66-year-old likely cured of HIV after stem cell transplant


A 66-year-old man may be the sixth person to be cured of HIV, the virus that causes AIDS, following a stem cell transplant, according to research published on Wednesday (July 27). The patient, who requests anonymity, is the oldest individual to have had the treatment and achieved sustained remission of the illness.

The guy, referred to as the "City of Hope patient" after the Los Angeles hospital where he received treatment, was initially identified as having the HIV virus in 1988, according to a statement released by City of Hope. Like many others, the patient claimed, "I feared my 1988 HIV diagnosis was a death sentence."

According to the National Institute of Allergy and Infectious Diseases, the first antiretroviral treatment, or HIV medicine, named azidothymidine (AZT), was licensed by the U.S. Food and Drug Administration just a year before, in March 1987. Combination therapy for HIV didn't become widely used until the middle of the 1990s; these medicines included two to three HIV medications to increase treatment effectiveness and help patients avoid developing drug resistance. The current gold standard of care for the treatment of HIV is such combo medicines.

For more than 31 years, the City of Hope patient received antiretroviral medications to manage his HIV. According to NBC News, the man's ailment had at one time developed into AIDS (acquired immunodeficiency syndrome), which meant that his white blood cell count had dropped to dangerously low levels (opens in new tab). Before switching to a very efficient combination antiretroviral therapy in the 1990s, he tried AZT and a few other early HIV drugs that were administered individually.

Acute myelogenous leukemia, commonly known as acute myeloid leukemia, or AML, a malignancy of the blood and bone marrow, struck the patient many decades later, in 2018. Doctors used blood stem cells from a donor who had an unique genetic mutation to perform a blood stem cell transplant as a cancer and HIV therapy. The homozygous CCR5 delta 32 mutation makes its bearer immune to HIV by changing the route through which the virus typically enters the body's white blood cells.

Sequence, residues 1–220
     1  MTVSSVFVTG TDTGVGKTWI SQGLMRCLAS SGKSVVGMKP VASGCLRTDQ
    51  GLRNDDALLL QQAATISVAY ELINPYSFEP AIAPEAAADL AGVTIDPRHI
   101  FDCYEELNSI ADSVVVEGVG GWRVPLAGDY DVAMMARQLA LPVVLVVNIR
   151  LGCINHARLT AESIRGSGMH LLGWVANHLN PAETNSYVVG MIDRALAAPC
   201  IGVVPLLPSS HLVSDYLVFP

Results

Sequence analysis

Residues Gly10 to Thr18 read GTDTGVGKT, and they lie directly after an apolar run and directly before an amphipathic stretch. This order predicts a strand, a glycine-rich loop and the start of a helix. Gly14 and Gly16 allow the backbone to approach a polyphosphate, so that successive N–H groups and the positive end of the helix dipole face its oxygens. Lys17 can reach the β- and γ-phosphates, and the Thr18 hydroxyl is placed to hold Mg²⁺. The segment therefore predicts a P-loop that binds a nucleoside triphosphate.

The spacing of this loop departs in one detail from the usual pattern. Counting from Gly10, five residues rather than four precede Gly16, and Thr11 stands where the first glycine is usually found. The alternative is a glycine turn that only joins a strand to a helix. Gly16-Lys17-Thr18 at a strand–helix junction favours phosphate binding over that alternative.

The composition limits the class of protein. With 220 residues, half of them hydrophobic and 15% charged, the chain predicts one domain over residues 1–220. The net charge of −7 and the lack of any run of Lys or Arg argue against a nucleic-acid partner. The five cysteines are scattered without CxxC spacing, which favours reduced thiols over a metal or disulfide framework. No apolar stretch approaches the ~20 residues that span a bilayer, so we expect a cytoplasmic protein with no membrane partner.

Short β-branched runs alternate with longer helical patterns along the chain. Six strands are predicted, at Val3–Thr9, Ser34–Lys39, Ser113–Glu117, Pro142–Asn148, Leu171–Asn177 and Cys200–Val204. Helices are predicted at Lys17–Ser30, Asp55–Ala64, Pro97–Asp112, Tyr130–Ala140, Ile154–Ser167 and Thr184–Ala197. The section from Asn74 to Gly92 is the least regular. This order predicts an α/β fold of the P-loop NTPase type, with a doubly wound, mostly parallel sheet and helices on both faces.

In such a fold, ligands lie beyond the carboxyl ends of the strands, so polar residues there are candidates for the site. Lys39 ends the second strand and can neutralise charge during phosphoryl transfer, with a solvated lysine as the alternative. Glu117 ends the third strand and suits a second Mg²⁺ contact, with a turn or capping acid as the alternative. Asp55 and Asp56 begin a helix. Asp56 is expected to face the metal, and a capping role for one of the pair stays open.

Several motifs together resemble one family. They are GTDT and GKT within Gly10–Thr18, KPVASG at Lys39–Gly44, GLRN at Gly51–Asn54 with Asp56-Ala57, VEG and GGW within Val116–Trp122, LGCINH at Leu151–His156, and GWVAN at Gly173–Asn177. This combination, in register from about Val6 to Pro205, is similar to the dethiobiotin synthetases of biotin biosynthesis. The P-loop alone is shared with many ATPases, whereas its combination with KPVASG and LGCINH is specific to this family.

These altered, HIV-resistant cells gradually acquired control of the man's immune system after the transplant. The patient ceased using antiretroviral drugs in March 2021, carefully monitored by his medical team, and there have been no indications of HIV replication in his body since that time.

According to the researchers, the guy is in long-term remission because there hasn't been any sign of the virus in his system for the past 17 months. If his health doesn't change, they may later formally pronounce him "cured," according to NBC News.

The so-called Berlin patient, the first person to be cured of HIV, had a condition that is very similar to the City of Hope patient's.

The Berlin patient, subsequently identified as Timothy Ray Brown, similarly acquired AML and had bone marrow transplanted from a donor with a genetic mutation that made them immune to HIV. (Blood stem cells can be found in bone marrow.) According to NBC News, two further patients from Düsseldorf and London were also successfully treated using the same method, and most recently, one lady was successfully treated following a stem cell transplant utilizing umbilical cord blood cells, as previously reported by Live Science.

David D. Ho, one of the top AIDS specialists in the world and the head of the Aaron Diamond AIDS Research Center at Columbia University, told The Washington Post that the case of the City of Hope patient "is yet another example that mirrors Timothy Brown from years ago" (opens in new tab). However, Ho noted that the majority of HIV patients cannot receive such medicines because of the hazards associated with transplant surgery and the rarity of the HIV-resistant mutation.

According to NBC News, Dr. Sharon Lewin, an infectious-disease specialist at the Peter Doherty Institute for Infection and Immunity at the University of Melbourne in Australia, said at a news conference that even though a transplant is typically not an option for people with HIV, these cases are still intriguing, inspiring, and shed light on the search for a cure. According to The Washington Post, several research teams are seeking to create genome editing methods that might give patients the HIV-resistant mutation.

At the Montreal 2022 International AIDS Conference, Dr. Jana K. Dickter, an associate clinical professor in the Division of Infectious Diseases at City of Hope, discussed the case of the City of Hope patient.